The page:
Spelling Guide

beginner’s simple guide to spelling and language

Spelling worries many people. Understandably so, because mistakes in spelling are often regarded as a black mark in terms of literacy and written competence. Oxford University Press have just brought out a series of short beginners’ guides on communication skills. The emphasis is on compact, no-nonsense advice directly related to issues of everyday life. In his Spelling Guide Robert Allen takes a reassuring line in explaining why spelling is difficult in English, and he offers a variety of solutions to the problem.

Beginners in particular will find his approach very helpful, and even advanced users will probably learn a thing or two. He starts by showing you how to use dictionaries, then how to use spell-checkers. He explains how and why English spellings have often become so irregular. And fortunately, he also explains the cases where some rules do apply.

Some of his advice tips over into tutorials on the nature of language – quite rightly. For instance, one good tip for many people is that the apostrophe in terms such as who’s and it’s stands for a missing letter. Knowing this might help you to understand the spelling, and help you put the apostrophe in the right place.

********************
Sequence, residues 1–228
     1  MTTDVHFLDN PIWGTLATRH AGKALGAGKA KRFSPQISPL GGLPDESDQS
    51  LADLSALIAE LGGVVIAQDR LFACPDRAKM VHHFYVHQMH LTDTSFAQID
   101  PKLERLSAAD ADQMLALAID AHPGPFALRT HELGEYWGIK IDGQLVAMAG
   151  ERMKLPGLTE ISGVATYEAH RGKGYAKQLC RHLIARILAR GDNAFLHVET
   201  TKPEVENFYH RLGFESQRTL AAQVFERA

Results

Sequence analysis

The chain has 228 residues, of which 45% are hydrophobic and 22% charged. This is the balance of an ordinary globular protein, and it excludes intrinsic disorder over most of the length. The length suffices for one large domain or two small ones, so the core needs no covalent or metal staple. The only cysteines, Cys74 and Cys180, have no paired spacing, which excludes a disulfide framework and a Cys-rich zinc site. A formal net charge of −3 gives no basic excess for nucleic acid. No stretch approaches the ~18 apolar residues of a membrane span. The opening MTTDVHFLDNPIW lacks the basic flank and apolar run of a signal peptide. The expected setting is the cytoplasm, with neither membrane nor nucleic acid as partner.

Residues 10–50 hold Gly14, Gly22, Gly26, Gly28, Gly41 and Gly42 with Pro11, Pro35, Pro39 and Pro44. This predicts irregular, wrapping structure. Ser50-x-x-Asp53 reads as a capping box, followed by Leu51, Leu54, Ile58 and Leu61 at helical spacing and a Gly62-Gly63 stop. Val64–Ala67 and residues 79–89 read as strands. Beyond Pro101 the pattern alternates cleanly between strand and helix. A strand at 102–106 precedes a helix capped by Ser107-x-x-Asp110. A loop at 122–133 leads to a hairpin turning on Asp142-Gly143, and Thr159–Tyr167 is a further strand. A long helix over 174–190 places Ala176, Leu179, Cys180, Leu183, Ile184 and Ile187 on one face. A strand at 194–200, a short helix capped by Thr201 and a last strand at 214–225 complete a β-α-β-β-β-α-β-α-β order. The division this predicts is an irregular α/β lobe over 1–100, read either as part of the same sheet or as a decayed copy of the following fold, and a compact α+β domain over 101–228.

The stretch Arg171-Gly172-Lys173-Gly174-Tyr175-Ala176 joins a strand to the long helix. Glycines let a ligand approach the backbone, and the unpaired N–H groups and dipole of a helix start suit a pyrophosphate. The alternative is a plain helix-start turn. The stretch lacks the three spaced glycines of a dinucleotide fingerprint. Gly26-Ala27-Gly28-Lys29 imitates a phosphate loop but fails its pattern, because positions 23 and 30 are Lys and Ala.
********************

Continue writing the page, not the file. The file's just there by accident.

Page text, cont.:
He deals with all the most common problems – not only the most notorious misplaced apostrophe, but the s/z issue in words such as realise/realize, and word endings, especially the doubling of consonants in words such as regret/regretted. (Yet it’s target/targeted – how strange!)

There’s a whole chapter explaining why spelling is such a complex issue. Basically, it’s because English is comprised of so many different languages. The influence of Latin, Greek, Anglo-Saxon, French, and German are all still actively present.

The second half of the book is a series of checklists of ‘problem’ words – short (weird) long (accommodation) confusables accept/except) noun and verb forms (advice/advise) how to choose the right ending (stationary/stationery) verb endings (finalize/surprise) irregular plurals (banjos/zeros) and words with Latin and Greek endings (addendum/vortex).

The chapters of this book are short, but almost every page is rich in hints and tips. The strength of this approach is that it avoids the encyclopedic volume of advice which in some manuals can be quite frightening. This is a book which will reassure those who need it.

© Roy Johnson 2003

Robert Allen, Spelling, Oxford: Oxford University Press, 2002, pp.128, ISBN: 0198603835

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